Miso Ramen

Miso Ramen

This is one of those incredible meals that will warm you inside-out and nourish you completely. It’s easy to make in a large quantity, so perfect for having people over. It just requires a bit of time to let the broth simmer on the stove. The broth has a traditional Japanese kombu dashi base, and is by Post Punk Kitchen: Miso Dashi Broth. This recipe makes enough broth for 3-4 ramen bowls. A tip for cooking with miso–do not let it boil! Simmering is fine, but boiling will kill all of the micro-organisms that support digestion.

Once the broth is almost ready, begin preparing the rest of the ingredients. Cook the noodles in water according to package directions. The vegetable combination I used was shiitake mushrooms, broccolini, kale, and bean sprouts. Feel free to explore other vegetables, but I suggest limiting sweeter vegetables such as carrots. Some great additions are daikon, zucchini, bok choy, rutabaga, and burdock (also called gobo). If you’re adding tofu, see directions below on when to add. Silken tofu is best, cut into small 1-cm cubes.

To prep the vegetables and assemble:
1) Heat a small amount of sesame oil in a skillet over low-medium heat. Make sure this doesn’t get too hot since sesame oil has a low smoking point.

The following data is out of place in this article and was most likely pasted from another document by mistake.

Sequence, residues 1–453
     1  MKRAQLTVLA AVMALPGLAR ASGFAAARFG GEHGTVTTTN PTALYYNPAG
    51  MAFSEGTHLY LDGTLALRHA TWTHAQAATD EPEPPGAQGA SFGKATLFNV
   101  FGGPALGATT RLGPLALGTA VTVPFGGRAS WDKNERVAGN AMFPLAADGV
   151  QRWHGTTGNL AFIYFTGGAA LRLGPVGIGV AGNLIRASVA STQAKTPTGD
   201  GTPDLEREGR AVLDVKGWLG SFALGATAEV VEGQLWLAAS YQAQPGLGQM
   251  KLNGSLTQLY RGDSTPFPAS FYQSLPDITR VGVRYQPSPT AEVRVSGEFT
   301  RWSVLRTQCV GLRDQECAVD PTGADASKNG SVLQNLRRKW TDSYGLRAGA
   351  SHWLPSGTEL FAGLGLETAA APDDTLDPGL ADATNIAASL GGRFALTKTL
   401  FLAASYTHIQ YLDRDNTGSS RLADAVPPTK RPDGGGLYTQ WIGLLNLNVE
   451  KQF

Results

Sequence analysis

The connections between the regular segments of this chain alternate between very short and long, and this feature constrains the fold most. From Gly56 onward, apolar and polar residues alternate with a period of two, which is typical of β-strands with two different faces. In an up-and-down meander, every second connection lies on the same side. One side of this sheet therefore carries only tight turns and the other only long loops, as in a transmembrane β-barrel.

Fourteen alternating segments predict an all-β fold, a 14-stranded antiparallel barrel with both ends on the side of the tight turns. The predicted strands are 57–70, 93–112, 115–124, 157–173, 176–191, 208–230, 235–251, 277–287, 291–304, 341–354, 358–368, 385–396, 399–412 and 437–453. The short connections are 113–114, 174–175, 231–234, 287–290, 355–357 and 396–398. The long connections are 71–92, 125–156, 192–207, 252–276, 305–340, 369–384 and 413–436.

2) Saute the vegetables, starting with those that have a longer cooking time. I put in the shiitake and broccolini first, sauteed them for 2 minutes, and then added the kale and after a minute, the bean sprouts. Don’t overcook.
3) Place the broth in a pot, and bring to a simmer. Add tofu if you’re using it, and simmer for 2-3 minutes to heat the tofu. Remove the pot from heat and add the vegetables.
4) Separate the noodles into bowls, and cover with broth & vegetables. Enjoy!


Tahini Dressing over Barley and Sauteed Kale and Carrots

Tahini over Barley Kale and Carrots

Confession: after taking this picture I loaded on more tahini dressing. It’s just too good. Pair this with a simple bean soup and you have a balanced and incredibly nutritious meal.

For this recipe I used the tahini dressing from Alicia Silverstone’s book The Kind Diet, a book filled with well-researched information and delicious recipes. This tahini dressing is used in her barley casserole, an awesome dish. In the interest of copyright protection, I’ll just tell you that you should get the book. In the meantime, it’s an oil-free dressing and in my opinion what makes it extra-special is the addition of shoyu.

Now to the barley–if you can find hulled barley, choose that over pearl barley and choose EVERYTHING over quick-cook barley. Hulled barley is an actual whole grain, whereas pearl barley has been polished to remove the outer bran layer. Here’s some more info from the Whole Grains Council: Types of Barley. Now that that’s settled, simple cooking instructions–soak overnight, drain water and add more; I did 3 cups water to 1 cup barley, and had a little to strain off at the end. Boil for 45 minutes to an hour (will be closer to an hour for hulled barley).